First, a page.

Old Testament Survey
Lesson 18 w/AnswersJob
This week, we’ll take a quick look at the book of Job. Job is a difficult book for us to completely comprehend, and yet it is an important book, and it is one which God has intentionally included in His Holy Word. As difficult as it may be to understand, it does shed light on God as the sovereign creator of all. It also helps us to know that even when we don’t understand what is happening to us or around us, or to someone we love, God does. We see that during these times, it is our faith in Him that gets us through. Job-like times try us, temper us, and lead us toward becoming the person Christ wants us to be.
Job is the Old Testament example of exactly what the Apostle James wrote about in James Chapter 1:2-4: "Consider it all joy, my brethren, when you encounter various trials, knowing that the testing of your faith produces endurance. And let endurance have its perfect result, so that you may be perfect and complete, lacking in nothing."
For our study this week then, let’s take a quick look at the suffering of a good man and his dialogue with his friends and with God.
- The story of Job probably occurred before the time of Abraham. For example, we can tell from reading the text that no mention of the Law or the Exodus exists, or is referenced anywhere in the book. Read the verses below and indicate why they indicate that the story happened before Abraham?
- Job 1:3 and 42:12
- ANSWER: Job is described as a simply a wealthy nomad, not as a Jew, nor from a particular tribe in Israel.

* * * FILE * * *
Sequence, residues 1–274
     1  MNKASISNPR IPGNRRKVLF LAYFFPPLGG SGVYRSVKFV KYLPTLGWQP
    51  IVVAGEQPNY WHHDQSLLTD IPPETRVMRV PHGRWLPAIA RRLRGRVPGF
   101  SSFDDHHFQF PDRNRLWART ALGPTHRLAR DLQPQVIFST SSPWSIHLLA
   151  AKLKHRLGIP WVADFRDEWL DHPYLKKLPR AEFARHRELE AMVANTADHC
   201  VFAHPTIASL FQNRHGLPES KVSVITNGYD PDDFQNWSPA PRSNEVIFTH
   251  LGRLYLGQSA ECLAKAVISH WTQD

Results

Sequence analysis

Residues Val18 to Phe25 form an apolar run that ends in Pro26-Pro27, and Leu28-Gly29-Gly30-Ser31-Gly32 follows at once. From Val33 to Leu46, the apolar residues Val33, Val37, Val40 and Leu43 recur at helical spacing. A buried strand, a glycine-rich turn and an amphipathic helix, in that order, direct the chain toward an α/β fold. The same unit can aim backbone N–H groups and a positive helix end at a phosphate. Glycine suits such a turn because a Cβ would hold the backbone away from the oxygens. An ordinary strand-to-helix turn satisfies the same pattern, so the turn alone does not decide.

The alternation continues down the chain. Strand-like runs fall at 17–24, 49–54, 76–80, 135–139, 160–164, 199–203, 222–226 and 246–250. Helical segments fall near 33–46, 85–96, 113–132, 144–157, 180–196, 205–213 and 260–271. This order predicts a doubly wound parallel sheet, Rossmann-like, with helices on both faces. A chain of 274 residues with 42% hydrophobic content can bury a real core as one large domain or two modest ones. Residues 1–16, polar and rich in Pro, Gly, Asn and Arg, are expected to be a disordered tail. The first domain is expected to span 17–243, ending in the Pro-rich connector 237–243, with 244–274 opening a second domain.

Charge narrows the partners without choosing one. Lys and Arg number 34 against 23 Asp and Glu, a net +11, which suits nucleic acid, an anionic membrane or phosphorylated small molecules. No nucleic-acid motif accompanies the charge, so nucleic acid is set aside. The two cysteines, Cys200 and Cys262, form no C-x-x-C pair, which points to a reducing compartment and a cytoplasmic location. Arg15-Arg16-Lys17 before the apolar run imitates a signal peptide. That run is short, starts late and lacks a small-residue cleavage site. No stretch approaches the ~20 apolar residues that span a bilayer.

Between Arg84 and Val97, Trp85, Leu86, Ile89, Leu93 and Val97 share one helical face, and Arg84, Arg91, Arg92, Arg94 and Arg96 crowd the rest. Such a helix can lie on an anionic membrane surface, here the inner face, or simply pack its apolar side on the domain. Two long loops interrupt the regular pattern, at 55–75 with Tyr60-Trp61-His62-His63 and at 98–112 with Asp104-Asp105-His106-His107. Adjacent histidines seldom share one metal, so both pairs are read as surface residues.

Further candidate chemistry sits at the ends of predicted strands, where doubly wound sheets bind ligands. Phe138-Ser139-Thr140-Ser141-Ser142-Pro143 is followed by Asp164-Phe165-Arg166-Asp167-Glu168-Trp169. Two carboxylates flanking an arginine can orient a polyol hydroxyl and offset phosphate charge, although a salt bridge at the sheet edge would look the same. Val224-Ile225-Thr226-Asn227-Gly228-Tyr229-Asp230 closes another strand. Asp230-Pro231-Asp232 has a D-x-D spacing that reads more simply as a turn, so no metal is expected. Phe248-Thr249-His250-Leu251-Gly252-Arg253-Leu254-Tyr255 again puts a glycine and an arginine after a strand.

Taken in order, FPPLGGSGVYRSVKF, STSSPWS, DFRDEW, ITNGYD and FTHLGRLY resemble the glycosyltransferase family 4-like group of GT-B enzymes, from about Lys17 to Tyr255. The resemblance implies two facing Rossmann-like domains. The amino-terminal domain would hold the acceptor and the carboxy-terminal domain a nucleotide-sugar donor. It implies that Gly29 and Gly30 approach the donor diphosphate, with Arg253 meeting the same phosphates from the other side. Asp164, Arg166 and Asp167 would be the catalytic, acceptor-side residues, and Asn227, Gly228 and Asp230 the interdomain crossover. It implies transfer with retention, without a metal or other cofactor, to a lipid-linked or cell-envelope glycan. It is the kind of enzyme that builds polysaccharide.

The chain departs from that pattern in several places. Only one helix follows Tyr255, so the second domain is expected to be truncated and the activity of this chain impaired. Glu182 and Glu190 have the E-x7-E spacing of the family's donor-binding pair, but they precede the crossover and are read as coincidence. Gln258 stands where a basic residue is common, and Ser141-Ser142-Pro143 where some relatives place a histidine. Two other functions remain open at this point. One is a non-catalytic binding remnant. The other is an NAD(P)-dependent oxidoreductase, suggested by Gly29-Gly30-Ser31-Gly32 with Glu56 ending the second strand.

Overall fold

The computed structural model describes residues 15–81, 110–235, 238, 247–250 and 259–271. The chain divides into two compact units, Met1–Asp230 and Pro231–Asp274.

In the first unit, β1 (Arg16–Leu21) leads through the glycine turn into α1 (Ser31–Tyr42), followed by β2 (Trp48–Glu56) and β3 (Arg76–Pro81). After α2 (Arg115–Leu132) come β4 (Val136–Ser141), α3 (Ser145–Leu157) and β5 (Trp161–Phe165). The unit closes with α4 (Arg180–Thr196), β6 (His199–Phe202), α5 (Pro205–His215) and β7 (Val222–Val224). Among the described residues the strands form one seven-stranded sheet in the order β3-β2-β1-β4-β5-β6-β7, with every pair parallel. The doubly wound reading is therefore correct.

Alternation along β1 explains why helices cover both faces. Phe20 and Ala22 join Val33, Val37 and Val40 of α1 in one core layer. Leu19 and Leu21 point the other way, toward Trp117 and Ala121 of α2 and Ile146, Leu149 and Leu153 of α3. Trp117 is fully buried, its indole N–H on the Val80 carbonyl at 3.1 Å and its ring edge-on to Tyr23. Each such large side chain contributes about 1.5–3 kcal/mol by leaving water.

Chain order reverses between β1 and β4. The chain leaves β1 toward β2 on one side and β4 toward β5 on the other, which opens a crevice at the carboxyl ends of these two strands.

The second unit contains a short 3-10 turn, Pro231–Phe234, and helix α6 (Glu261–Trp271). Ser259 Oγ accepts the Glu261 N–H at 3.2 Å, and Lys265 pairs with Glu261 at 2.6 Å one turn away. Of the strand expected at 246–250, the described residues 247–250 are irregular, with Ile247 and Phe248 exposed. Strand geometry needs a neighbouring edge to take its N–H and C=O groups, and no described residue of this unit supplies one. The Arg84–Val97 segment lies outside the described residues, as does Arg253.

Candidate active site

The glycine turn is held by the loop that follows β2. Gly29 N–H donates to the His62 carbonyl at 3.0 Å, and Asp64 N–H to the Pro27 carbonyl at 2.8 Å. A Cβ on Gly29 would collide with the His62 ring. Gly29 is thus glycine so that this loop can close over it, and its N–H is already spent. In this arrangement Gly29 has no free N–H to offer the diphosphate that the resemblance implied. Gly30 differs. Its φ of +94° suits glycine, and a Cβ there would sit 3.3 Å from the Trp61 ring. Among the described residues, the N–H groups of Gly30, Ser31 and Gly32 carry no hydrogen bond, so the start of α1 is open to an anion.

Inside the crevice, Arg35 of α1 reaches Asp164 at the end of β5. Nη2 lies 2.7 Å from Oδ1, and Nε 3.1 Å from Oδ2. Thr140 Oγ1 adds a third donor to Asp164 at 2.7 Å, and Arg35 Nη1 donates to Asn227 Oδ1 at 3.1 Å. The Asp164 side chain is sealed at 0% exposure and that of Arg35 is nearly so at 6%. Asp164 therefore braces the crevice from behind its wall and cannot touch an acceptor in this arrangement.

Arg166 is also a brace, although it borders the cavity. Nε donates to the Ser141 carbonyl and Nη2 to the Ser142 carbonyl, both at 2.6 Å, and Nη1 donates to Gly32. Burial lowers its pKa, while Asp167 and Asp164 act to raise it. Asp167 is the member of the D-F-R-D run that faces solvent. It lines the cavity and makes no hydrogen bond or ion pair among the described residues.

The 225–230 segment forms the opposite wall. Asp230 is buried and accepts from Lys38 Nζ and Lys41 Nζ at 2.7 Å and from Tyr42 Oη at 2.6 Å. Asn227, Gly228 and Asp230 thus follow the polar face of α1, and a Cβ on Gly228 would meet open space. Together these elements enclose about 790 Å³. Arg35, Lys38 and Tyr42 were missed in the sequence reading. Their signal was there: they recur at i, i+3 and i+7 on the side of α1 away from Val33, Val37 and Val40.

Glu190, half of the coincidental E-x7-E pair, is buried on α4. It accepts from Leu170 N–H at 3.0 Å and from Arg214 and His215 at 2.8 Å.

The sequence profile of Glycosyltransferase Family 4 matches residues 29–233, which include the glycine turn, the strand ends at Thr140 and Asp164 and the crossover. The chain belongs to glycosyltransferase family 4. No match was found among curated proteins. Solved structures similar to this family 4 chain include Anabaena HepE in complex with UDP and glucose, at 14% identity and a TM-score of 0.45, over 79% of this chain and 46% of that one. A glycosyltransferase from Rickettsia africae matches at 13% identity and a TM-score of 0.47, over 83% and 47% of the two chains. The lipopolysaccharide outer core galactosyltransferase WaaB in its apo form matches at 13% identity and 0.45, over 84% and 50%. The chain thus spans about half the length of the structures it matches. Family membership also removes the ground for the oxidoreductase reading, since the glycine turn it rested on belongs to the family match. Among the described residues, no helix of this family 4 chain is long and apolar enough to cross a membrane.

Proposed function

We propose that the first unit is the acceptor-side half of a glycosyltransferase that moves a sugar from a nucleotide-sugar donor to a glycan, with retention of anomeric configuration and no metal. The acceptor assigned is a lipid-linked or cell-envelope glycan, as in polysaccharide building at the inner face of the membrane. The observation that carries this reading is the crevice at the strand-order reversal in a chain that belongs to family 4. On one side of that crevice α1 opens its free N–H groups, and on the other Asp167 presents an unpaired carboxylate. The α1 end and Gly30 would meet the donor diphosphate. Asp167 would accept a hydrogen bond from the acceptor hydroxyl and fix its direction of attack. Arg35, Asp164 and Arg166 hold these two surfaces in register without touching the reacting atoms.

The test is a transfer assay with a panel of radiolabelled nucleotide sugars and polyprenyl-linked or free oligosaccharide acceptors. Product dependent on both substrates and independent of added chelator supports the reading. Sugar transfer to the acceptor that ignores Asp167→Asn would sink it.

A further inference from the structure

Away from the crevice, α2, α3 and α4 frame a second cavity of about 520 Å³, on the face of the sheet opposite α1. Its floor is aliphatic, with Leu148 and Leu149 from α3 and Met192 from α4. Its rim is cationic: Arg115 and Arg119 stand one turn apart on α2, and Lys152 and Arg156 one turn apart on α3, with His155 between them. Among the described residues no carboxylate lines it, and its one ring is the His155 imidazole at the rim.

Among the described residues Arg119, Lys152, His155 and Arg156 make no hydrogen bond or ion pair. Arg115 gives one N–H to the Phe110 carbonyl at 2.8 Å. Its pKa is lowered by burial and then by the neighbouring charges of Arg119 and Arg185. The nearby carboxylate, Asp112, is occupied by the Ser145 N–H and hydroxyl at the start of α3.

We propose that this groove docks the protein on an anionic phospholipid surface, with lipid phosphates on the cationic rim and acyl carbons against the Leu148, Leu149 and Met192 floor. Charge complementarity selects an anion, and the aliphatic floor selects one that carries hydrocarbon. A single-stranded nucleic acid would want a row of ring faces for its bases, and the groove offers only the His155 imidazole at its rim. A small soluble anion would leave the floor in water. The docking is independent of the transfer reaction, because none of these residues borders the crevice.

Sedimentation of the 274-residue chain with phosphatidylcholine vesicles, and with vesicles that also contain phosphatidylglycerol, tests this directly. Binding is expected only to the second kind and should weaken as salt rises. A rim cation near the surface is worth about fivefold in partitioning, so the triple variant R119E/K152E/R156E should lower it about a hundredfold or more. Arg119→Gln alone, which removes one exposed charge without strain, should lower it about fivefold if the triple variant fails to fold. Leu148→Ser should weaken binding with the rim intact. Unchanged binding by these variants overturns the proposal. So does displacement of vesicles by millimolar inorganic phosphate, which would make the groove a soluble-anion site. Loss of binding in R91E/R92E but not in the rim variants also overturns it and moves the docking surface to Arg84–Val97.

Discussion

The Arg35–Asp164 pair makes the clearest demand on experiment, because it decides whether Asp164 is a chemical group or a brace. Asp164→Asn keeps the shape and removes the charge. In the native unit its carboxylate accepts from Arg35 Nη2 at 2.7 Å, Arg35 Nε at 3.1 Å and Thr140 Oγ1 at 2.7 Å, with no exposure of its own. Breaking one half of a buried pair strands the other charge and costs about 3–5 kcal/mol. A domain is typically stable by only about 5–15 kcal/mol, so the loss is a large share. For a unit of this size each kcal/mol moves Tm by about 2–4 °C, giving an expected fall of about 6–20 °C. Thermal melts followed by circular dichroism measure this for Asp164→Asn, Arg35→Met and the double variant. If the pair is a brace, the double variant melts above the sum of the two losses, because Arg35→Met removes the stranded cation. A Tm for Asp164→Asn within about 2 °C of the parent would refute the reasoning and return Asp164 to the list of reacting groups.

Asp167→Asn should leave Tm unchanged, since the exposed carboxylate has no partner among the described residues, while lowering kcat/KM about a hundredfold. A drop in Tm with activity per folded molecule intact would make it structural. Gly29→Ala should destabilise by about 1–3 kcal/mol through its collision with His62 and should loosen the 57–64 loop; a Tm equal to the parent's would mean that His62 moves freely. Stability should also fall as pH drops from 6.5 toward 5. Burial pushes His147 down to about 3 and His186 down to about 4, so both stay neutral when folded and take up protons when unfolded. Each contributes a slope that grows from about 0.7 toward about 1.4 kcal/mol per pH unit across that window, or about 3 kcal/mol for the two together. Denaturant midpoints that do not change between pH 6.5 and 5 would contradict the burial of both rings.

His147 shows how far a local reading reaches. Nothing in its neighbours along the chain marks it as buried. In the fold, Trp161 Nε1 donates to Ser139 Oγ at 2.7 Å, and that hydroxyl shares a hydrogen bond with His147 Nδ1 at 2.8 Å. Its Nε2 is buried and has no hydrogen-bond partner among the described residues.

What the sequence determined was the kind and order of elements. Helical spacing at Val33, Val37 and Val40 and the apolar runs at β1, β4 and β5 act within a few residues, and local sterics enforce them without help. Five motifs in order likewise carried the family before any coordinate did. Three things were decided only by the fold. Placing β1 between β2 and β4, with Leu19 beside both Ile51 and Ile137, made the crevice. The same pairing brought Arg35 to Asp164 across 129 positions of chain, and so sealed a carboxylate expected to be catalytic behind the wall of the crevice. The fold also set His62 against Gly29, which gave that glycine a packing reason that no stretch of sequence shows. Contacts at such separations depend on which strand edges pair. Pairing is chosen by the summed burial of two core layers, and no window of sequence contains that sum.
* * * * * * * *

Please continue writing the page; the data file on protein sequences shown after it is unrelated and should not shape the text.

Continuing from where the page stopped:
- Job 1:5 and 42:8
- ANSWER: In these passages, it is described that Job himself is offering sacrifices, not the Priests. It is clear that the priestly order and the Law have not yet been given, or established.
- Job 1:3 and 42:12
- What do the verses below from other parts of the Bible tell us about the man called Job?
- Ezekiel 14:14
- ANSWER: Job is referred to as one of the great men of faith.
- James 5:10-11
- ANSWER: James cites Job as an example of a man who endured during difficult times of trial.
- Ezekiel 14:14
- The book of Job addresses many issues and questions that we face today, just as Job faced then. What are at least two basic questions of issues confronting Job that are addressed in the book?
- ANSWER 1: What is the cause and effect of suffering? I.e., why does it happen? Is it always because of sin or unrighteousness?
- ANSWER 2: It brings into question God’s justice and His sovereign care over His creation.
- Read Job Chapters 1 and 2 and summarize the dialogues between God and Satan.
- ANSWER 1: God challenges Satan to consider how there is no one other like Job on the earth; and Satan replies that of course Job worships God, because God protects him and all that he does. In essence, the only reason that he loves God is because of all God does for him. Similarly, Satan is telling God that the only reason we love God is because of all the things God does for us.
- ANSWER 2: When God again asks if Satan has considered his servant Job, we see that Job has lost all of his physical possessions, and that even after losing these possessions, he is still faithful and continues to worship God. Satan again replies and says "A man will give all he has for his own life. But stretch out your hand and strike his flesh and bones, and he will surely curse you to your face."
- Describe Job’s spiritual character as presented in Job Chapter 1.
- ANSWER: Even after God allows Satan to afflict Job physically, Job continues to be faithful and to worship God. Later, when his "friends" come to advise him and his wife tells him to "curse God and die", Job continues to be strong in his faith and dependence on God, and he continues to worship God. We can see from all this that Job was a man of great faith who recognized that all that he had, and ever would, have belonged to God; and that God had a plan for his life, even is he didn’t totally know or understand that plan.